Hederman holds engineering degrees from the Massachusetts Institute of Technology and the University of Notre Dame, and a professional degree (M.P.P.) from the University of California at Berkeley.

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is a senior fellow at the Kleinman Center for Energy Policy.

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is a senior fellow at the Kleinman Center for Energy Policy.

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At an Aspen Institute cybersecurity discussion I attended today, White House "cyber czar" Robert Joyce announced the long-anticipated charter for the Vulnerabilities Equities Process (VEP).

The charter adds significant transparency to the process by which the federal government balances competing national security goals. The clashing considerations address building the capability to hold criminals and other adversaries at risk for their actions without increasing the risk that a vulnerability known to our government (but not necessarily to the entity responsible for the system's operations) might be used to harm legitimate users of cyberspace.

Briefly, an interagency group of agencies responsible for elements of cybersecurity forms this VEP review board (ERB). It consists of:

  • Office of Management and Budget
  • Office of Director of National Intelligence—including IC-SCC)
  • Department of Treasury
  • Department of State
  • Department of Justice—including FBI and National Cyber Investigative Joint Task Force)
  • Department of Homeland Security—including National Cybersecurity Communications and Integration Center (NCCIC) and Secret Service
  • Department of Energy
  • Department of Defense—including National Security Agency (Assurance and Signals Intelligence), U.S. CyberCom, Cyber Crime Center (DC3)
  • Department of Commerce
  • Central Intelligence Agency
  • and other agencies, as appropriate

We can consider these agencies the core of the nation's cyber defense and offense.

NSA will serve as secretariat, doing much of the analysis and administrative work. They will maintain records of all the vulnerabilities identified, including the submitting agency, determination (whether to reveal to firms or save for other uses), and dates. Any need for reassessment and other pertinent information may also be included. The secretariat will prepare an annual report that will be submitted through the Special Assistant to the President and Cyber Coordinator. This report will be prepared at the lowest classified level with at least a summary unclassified. The report will include statistical information on a fiscal year basis, will identify the equity review board members (ERB) and any reassignment of director or secretariat responsibilities.

When an agency determines a vulnerability that requires equities review, that agency will submit notice to the ERB with the recommendation for either dissemination or restriction regarding the vulnerability. The submission will also describe the vulnerability and identify vulnerable products and systems. This process is intended to be completed within about a week. The process will be based on consensus, where possible. When consensus is not possible, options will be propose to the board.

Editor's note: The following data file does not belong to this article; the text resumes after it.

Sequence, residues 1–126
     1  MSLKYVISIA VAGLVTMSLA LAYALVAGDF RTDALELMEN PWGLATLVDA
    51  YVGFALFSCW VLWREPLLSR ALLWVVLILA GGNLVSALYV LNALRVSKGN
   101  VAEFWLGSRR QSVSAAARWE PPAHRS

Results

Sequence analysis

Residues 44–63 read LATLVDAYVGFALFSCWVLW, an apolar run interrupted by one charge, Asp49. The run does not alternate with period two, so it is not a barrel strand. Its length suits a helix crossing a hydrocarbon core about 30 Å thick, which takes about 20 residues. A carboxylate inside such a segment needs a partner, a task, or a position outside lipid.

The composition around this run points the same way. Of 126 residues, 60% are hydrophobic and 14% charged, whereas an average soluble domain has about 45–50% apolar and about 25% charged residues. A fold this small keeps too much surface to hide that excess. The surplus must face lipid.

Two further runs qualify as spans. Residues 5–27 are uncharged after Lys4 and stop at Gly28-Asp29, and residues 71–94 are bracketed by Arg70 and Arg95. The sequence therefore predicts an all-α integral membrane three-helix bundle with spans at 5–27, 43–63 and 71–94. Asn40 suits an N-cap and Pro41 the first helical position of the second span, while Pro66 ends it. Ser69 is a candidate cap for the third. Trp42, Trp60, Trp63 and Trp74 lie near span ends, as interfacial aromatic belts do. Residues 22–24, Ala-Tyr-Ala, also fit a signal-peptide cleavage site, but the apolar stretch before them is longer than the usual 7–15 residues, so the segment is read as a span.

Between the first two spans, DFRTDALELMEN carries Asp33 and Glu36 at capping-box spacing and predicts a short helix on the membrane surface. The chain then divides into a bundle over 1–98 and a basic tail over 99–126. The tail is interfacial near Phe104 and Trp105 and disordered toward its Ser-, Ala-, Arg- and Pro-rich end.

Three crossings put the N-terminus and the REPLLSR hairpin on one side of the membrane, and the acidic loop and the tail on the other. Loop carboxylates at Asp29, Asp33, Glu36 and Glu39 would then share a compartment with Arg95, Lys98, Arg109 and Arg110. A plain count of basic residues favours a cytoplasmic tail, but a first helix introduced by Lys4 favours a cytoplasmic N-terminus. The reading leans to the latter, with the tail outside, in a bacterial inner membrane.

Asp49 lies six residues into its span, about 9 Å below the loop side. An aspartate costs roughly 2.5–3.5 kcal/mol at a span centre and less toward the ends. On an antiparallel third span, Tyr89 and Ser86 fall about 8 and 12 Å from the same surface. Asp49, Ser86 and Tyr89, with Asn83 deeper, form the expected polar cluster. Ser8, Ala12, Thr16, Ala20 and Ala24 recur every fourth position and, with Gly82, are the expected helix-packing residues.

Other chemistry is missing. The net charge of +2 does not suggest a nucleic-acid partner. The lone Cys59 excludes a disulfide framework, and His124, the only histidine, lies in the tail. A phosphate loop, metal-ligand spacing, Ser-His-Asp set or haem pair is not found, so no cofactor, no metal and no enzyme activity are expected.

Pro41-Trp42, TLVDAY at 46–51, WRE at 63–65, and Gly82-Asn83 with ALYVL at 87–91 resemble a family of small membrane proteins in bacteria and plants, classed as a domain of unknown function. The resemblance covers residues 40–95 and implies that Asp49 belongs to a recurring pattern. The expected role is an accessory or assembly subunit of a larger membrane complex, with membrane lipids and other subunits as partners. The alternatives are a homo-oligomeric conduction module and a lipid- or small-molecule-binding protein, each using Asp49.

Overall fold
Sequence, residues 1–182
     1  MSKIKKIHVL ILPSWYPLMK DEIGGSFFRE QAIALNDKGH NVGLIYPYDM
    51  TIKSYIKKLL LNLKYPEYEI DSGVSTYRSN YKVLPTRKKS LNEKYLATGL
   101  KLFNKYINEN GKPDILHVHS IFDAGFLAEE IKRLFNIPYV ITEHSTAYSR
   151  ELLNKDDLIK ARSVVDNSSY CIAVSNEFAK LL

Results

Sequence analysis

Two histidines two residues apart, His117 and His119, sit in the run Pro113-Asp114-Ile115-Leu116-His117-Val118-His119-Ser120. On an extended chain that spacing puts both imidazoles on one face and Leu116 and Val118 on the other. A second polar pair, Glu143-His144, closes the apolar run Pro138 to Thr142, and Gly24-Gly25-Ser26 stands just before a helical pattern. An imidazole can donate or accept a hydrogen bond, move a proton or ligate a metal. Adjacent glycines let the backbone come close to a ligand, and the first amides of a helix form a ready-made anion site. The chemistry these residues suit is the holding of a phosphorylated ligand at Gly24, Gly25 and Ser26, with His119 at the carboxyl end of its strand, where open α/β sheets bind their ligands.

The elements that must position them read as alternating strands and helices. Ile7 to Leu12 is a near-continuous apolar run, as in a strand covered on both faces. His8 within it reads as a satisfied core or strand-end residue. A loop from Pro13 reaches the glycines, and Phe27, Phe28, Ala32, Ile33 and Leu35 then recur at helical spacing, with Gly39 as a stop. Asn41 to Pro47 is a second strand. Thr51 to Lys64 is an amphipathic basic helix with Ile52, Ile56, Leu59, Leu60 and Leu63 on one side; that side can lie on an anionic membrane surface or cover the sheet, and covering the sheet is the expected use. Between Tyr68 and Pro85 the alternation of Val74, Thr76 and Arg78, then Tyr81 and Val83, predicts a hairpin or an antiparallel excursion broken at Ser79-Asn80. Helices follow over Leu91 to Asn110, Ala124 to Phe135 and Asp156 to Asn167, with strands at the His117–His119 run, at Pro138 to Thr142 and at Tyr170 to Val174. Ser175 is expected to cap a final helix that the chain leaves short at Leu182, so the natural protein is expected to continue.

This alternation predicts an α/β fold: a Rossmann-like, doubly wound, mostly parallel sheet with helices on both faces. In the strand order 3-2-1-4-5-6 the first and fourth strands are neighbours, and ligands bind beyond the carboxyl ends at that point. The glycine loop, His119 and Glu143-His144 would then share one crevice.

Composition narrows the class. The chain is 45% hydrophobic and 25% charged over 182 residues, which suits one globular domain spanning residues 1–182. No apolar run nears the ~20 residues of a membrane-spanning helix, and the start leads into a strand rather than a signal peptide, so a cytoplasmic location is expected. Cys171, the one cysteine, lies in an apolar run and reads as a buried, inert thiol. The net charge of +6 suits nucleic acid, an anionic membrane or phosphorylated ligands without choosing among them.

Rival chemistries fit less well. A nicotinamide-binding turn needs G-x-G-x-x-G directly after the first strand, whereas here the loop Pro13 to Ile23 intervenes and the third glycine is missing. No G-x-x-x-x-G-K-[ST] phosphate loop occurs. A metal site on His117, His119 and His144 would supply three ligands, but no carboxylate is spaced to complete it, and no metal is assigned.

Factors the board will consider include defense, military, intelligence and operations, communications, international relationships, as well as law enforcement equities.


If a vulnerability affects the NSA, NSA would be notified as soon as possible. Exceptions will be possible for a specific limited categories of vulnerabilities—for example, if there are restrictions due to partner agreements or sensitive operations. Some vulnerabilities requiring rapid response will not be subject to the vulnerabilities equities process. The fact that the Department of Energy has a seat at the table indicates the importance of protecting the nation's energy infrastructure and related systems.

This decision has required a great deal of thoughtful work by the agencies involved, as well as thoughtful compromises about how to proceed.  The transparency provided through this move is a small victory for the "good guys" and should help the long-range goal of protecting free societies.

[summary] => [format] => full_html [safe_value] =>

At an Aspen Institute cybersecurity discussion I attended today, White House "cyber czar" Robert Joyce announced the long-anticipated charter for the Vulnerabilities Equities Process (VEP).

The charter adds significant transparency to the process by which the federal government balances competing national security goals. The clashing considerations address building the capability to hold criminals and other adversaries at risk for their actions without increasing the risk that a vulnerability known to our government (but not necessarily to the entity responsible for the system's operations) might be used to harm legitimate users of cyberspace.

Briefly, an interagency group of agencies responsible for elements of cybersecurity forms this VEP review board (ERB). It consists of:

  • Office of Management and Budget
  • Office of Director of National Intelligence—including IC-SCC)
  • Department of Treasury
  • Department of State
  • Department of Justice—including FBI and National Cyber Investigative Joint Task Force)